Raymond Davis, a CIA contractor accused of killing two men on the streets of Lahore, Pakistan, appeared before a Pakistani judge today and refused to sign a list of allegations against him, a lawyer in the court said.
During the hearing, which was held in the jail where Davis is being detained due to security reasons, court officials read aloud the allegations of murder and then presented the charging documents in English to Davis, an attorney for the family of the victims, Asad Manzoor Butt, and a U.S. official told ABC News. The handcuffed Davis, however, refused to sign the document and instead presented to the judge a written notice declaring diplomatic immunity, Butt said.
Since his arrest last month, the U.S. government has demanded Davis be released on the condition of diplomatic immunity since the State Department said he carried a diplomatic passport as a member of the "administrative and technical staff" of the U.S. embassy in Islamabad. U.S. Consul General in Lahore, Carmela Conroy, was present for today's trial, a U.S. official told ABC News, along with members of her staff. But Davis was not afforded an attorney, Butt said.
It's not the first time that Davis, who was recently revealed to be working for the CIA, has resisted cooperation on grounds of diplomatic immunity. In a police interrogation video obtained by ABC News, Davis refuses to answer the officers' questions and attempts to abruptly leave the room.
"I'm not answering any questions. I'm not. No questions. You have my statement. I have diplomatic immunity," a visibly frustrated Davis says. Police then tell him that based on his passport, he does not appear to be a diplomat.
"OK. Do you have it? Can I see it?" Davis says. "Very front page, diplomatic immunity."
When police continue questioning him, Davis tries to leave the room.
"I'm not answering any questions. I'm going back to my room," he says.
CLICK HERE to see the interrogation video and the latest on the Raymond Davis case on this week's "Brian Ross Investigates".
U.S. officials have expressed concern over Davis' safety in Lahore's Kot Lakhpat jail, where dogs are reportedly being used to test his food for poison and the guards near his cell have had their guns taken away.
"[Pakistani officials] have told us that he is in the safest possible location in Lahore," State Department spokesman P.J. Crowley told reporters Monday. "And clearly, we hold the government of Pakistan fully responsible for his safety."
While today's hearing dealt with the criminal charges against Davis, a higher court in Lahore is also determining whether Davis should enjoy diplomatic immunity, a U.S. official told ABC News.
Davis is expected to stay in prison until his next court hearing, scheduled for March 3.
In the fullest account yet of how the American official came to be held for the deadly shooting in Pakistan, three current officials told ABC News earlier this week who Davis was working for and what he was doing on Jan. 27 when the incident occurred.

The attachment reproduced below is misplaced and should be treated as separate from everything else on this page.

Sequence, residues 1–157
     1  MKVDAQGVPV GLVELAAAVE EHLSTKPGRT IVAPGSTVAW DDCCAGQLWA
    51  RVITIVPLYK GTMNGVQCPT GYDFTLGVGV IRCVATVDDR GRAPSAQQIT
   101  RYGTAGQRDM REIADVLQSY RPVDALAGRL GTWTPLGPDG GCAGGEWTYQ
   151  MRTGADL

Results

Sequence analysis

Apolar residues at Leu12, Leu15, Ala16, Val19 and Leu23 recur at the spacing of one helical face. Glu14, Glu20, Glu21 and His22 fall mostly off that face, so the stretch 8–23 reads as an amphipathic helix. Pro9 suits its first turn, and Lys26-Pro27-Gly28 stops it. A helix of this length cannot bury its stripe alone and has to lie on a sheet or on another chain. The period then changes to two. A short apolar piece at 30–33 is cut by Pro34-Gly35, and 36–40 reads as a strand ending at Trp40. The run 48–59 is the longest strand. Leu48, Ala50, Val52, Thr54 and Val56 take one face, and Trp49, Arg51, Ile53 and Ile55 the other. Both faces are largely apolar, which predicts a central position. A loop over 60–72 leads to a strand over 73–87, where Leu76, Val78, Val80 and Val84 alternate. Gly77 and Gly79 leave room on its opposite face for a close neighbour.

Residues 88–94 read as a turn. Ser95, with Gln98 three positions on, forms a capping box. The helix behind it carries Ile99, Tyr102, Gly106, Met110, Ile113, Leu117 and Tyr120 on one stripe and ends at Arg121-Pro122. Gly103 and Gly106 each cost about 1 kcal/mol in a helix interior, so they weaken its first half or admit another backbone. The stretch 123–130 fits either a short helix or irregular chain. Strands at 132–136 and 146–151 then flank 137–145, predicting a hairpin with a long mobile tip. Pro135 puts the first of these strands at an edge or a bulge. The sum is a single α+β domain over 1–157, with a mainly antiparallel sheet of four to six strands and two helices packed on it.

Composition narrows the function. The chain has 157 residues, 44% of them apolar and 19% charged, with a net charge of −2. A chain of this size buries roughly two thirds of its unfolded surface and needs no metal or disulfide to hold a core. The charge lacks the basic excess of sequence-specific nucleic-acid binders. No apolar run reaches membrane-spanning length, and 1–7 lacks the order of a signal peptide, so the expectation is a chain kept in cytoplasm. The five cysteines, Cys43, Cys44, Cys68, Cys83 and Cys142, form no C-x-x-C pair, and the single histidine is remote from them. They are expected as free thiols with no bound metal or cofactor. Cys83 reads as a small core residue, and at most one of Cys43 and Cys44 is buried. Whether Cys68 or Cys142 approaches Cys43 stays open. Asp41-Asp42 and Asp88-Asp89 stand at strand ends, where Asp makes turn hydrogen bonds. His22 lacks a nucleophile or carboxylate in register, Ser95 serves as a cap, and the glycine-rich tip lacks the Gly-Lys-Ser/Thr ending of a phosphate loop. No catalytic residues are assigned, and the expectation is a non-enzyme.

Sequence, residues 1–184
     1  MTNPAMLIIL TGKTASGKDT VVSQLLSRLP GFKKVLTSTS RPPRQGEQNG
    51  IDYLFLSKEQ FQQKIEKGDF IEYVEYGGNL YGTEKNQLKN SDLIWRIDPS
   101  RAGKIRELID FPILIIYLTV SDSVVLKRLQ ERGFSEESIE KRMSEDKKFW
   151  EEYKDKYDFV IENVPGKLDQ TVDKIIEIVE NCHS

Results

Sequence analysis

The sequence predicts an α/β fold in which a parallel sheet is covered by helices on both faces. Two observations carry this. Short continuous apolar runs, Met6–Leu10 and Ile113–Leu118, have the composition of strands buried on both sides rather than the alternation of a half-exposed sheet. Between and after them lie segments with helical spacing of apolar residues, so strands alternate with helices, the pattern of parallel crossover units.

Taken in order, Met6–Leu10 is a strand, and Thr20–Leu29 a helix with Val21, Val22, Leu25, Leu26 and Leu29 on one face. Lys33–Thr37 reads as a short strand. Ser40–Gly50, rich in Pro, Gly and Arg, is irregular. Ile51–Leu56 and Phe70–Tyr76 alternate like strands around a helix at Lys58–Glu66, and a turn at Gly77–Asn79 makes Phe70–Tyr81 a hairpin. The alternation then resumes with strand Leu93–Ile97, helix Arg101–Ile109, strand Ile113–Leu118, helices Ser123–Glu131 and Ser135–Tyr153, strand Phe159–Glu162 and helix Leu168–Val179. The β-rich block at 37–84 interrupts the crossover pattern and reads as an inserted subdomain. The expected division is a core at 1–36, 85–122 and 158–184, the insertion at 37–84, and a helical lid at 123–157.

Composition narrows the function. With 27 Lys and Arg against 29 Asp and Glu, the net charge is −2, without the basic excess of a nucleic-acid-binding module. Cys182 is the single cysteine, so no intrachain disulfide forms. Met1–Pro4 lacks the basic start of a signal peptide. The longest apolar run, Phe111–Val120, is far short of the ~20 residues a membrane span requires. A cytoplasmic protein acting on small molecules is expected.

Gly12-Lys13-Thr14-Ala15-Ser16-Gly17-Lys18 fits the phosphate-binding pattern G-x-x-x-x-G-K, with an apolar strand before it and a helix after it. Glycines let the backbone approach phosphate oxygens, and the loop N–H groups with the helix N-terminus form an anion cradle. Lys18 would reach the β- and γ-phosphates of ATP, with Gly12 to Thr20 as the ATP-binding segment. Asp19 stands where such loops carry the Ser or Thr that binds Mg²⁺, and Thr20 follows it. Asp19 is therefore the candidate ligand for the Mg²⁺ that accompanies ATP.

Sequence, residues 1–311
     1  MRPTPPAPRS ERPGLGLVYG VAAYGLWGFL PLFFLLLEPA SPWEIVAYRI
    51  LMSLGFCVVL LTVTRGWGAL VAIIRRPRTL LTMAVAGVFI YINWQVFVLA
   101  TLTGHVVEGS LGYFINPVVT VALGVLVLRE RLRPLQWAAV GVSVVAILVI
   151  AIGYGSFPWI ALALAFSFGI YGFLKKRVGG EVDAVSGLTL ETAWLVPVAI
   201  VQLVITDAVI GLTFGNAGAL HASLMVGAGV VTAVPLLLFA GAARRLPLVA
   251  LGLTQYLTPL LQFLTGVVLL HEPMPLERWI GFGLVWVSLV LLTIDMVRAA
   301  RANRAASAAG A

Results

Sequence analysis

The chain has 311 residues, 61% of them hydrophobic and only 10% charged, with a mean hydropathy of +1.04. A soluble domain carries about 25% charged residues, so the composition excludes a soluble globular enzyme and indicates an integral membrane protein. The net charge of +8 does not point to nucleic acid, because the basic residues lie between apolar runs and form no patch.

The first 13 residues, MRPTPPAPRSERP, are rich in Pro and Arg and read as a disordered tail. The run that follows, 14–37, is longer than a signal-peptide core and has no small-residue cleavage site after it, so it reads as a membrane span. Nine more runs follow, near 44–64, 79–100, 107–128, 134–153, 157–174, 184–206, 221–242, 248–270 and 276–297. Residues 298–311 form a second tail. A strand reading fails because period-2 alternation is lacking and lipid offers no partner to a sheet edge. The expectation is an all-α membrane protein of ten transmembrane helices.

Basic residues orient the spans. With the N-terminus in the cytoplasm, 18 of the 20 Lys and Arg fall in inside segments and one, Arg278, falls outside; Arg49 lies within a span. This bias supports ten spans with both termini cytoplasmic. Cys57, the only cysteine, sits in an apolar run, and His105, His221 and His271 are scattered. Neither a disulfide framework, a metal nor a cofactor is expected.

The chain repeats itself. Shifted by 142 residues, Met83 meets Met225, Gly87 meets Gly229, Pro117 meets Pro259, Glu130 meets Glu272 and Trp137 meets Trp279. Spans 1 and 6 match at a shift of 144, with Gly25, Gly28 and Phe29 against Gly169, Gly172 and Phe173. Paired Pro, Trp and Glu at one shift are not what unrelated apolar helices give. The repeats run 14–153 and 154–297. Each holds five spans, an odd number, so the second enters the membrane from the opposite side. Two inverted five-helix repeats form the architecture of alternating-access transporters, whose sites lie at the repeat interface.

According to a current senior U.S. official and a senior intelligence consultant who worked with Davis, the 36-year-old American is a former Blackwater contractor who was posted to Lahore as part of the CIA's Global Response Staff, or GRS, a unit of security and bodyguards assigned to war zones and troubled countries such as Afghanistan and Pakistan. Members of the GRS most often accompany CIA case officers, who meet with clandestine sources.
Davis and a group of fellow security officers lived in a safehouse in Lahore. The CIA keeps safehouses for security personnel in an effort to limit the ability for militants to track their movements, the intelligence contractor said.
On Jan. 27, Davis left the safehouse and conducted an "area familiarization route," according to the senior U.S. official. He drove through various Lahore neighborhoods for several hours. It was during his route, two U.S. officials say, that Davis stopped at an A.T.M. and possibly drew the attention of two Pakistani men on a motorcycle.
Davis has told the police in Lahore that the two men were attempting to rob him when he fired several rounds from his Glock handgun, hitting them both. The police report says that Davis claimed one of the men had a gun cocked at him. Davis fired multiple rounds from inside his car, killing one man in the street, while the second died later from his injuries.
Davis then called for help from several other CIA security officers who shared his Lahore safehouse, according to a U.S. official and the intelligence consultant. As they arrived near the intersection, they accidentally hit a Pakistani motorcyclist. The motorcyclist later died of his injuries. Davis' colleagues were unable to get to Davis before the police arrested him. They left the scene and returned to their safehouse.
Within hours, they had destroyed all government documents at the safehouse, abandoned it, and retreated to the U.S. consulate for safety. Both have since returned to the U.S., according to a senior U.S. official briefed on the case.
The Pakistani government is under significant public pressure to prosecute Davis. The incident has set off massive anti-American protests and calls for Davis to be executed for the murders.
"Our first fear is that the sentiment of the street in Pakistan is, 'Let's take him and hang him,'" said a current senior U.S. official.
Reporting by ABC News' Matthew Cole.